Just what is our fate? PSs left out of new Uhuru list in limbo

Sunday February 11 2018

CABINET SECRETARIES

President Uhuru Kenyatta at State House, Nairobi, on January 26, 2017 addresses the nation on Cabinet re-organisation. PHOTO | FILE | NATION MEDIA GROUP 

By PATRICK LANG'AT
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Fifteen Principal secretaries left out of President Uhuru Kenyatta’s second-term Cabinet have been thrown into a state of panic, unsure of their fate.

As was the case of Cabinet secretaries who were thrown into a state of uncertainty when President Kenyatta named the initial nine Cabinet members, the PSs are not sue whether they have been retained or dismissed, even though they are required to report to work daily.

“As it stands, you do not know if you were sacked or not. You are just there, waiting. And the fact that the President did not say when he will fill the remaining posts makes it even worse. But the worst situation is to have someone named to your position, and you are not told what happens to you, the vacant positions notwithstanding,” one PS in limbo told the Sunday Nation.

In his appointments last month, President Kenyatta named 31 Principal secretaries, 15 less than the 46 PSs who served in his first term.

He did not, however, clarify on the fate of the 15 who had served in the first term but were not on the new list.

NEW APPOINTEES

Of the 15 whose fates remain unclear, six have had their posts filled by new appointees.

The six whose slots have been filled include John Mosonik (Infrastructure). Mr Mosonik was leading the 10,000km Jubilee road tarmacking programme. His slot has been taken by Julius Korir who was moved from the Health ministry.

In the Gender Department, the fate of Ms Mwanamaka Mabruki hangs in the balance after Safina Kwekwe was named to her docket.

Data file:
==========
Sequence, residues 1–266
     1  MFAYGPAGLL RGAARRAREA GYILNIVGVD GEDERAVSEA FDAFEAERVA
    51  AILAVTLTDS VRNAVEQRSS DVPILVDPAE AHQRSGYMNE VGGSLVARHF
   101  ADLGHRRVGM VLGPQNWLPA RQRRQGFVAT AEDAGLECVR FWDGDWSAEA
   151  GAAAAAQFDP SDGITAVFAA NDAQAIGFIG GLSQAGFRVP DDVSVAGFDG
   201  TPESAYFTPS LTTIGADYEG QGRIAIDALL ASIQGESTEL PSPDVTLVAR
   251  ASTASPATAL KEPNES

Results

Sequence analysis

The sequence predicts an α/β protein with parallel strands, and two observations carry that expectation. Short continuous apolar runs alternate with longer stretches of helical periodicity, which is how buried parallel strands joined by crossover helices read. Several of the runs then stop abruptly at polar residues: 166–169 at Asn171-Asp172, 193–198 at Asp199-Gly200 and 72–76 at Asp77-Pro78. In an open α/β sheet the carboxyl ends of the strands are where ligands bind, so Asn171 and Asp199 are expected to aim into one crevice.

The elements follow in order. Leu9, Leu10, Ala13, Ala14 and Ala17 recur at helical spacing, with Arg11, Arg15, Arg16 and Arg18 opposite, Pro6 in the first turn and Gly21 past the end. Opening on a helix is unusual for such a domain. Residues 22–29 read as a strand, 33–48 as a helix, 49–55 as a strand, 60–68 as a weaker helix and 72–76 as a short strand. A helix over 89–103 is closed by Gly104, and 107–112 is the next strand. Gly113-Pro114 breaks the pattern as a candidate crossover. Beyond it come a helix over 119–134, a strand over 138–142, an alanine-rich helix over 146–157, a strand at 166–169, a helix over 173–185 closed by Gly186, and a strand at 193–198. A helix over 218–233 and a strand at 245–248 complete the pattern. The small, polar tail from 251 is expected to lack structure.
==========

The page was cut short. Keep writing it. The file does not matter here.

In mining, Dr Mohammed Ibrahim Mahmud remains unsure of his fate after President Kenyatta merged the ministry with that of Petroleum and named Andrew Ng’ang’a as the Petroleum PS without naming his Mining counterpart.

President Kenyatta also seemed to have edged out Sports Development PS Richard Ekai after he retained Peter Kaberia to the position he ascended to in March 2017.

Mr Ekai was edged out following a litany of accusations following the Rio Olympics fiasco where athletes missed their kits.

Soft-spoken Planning PS Irungu Nyakera is also sailing in the same boat after Julius Muia was named to his post.

CLINGING ON THEIR JOBS

Dr Dinah Jerotich Mwinzi who was the PS in charge of Vocational Training in the Ministry of Education, also found her name missing from the list of new PSs.

Also still clinging on their jobs despite President Kenyatta making it clear that he intended to name substantive PSs to their dockets include ICT’s Victor Kyalo, Industry and Enterprise Development's  Patrick Nduati, Prof Fred Segor of Water, Khadija Kassachoom of Labour and Fatuma Hersi of Tourism.

For the latter six, it is an agonising wait, unsure whether or not they will continue at work or they will be redeployed.

“Governments never sack people. They just name your replacement, and you are supposed to get the message,” a senior Jubilee Party official said of the PSs.

POSTS FILLED

“But as it stands, they still have hope as there is really no limit to how many PSs the President can name, as compared to the constitutional limit of 22 Cabinet Secretaries.”

Others unsure whether their posts have been filled or not include Arts and Culture PS Joe Okudo, Mr Sammy Itemere of Broadcasting and Telecommunications, Mr Ali Noor Ismail of Cooperatives and Housing and Urban Development PS Aidah Munano.

When President Kenyatta reorganised his Cabinet in January and said he had only retained six CSs, the rest were asked by State House to continue working until advised otherwise.

In the end, six were re-appointed while those dropped were appointed to head various diplomatic missions.

Hanging in the Balance

1. Arts, Culture - Joe Okudo

2. Broadcasting & Telecommunications - Sammy Itemere

3. Cooperatives Ali - Noor Ismail

4. Gender Services- Mwanamaka Mabruki

5. Housing & Urban Development - Aidah Munano

6. ICT & Innovation - Victor Kyalo

7. Infrastructure - John Musonik

8. Transport- Patrick Nduati Mwangi

9. Labour - Khadija Kassachoom

10. Mining - Dr Mohammed Ibrahim Mahmud

11. National Water Services - Fred Sigor

12. Correctional Services- Richard Ekai

13. Tourism - Fatuma Hersi

14. Planning - Wilson Nyakera Irungu

15. Vocational & Technical Training - Dr Dinah Jerotich Mwinzi

EDITOR'S NOTE: The earlier list of the principal secretaries whose fate is still unknown did not correctly reflect their State departments, and/or their replacements, if any. We highly regret the error.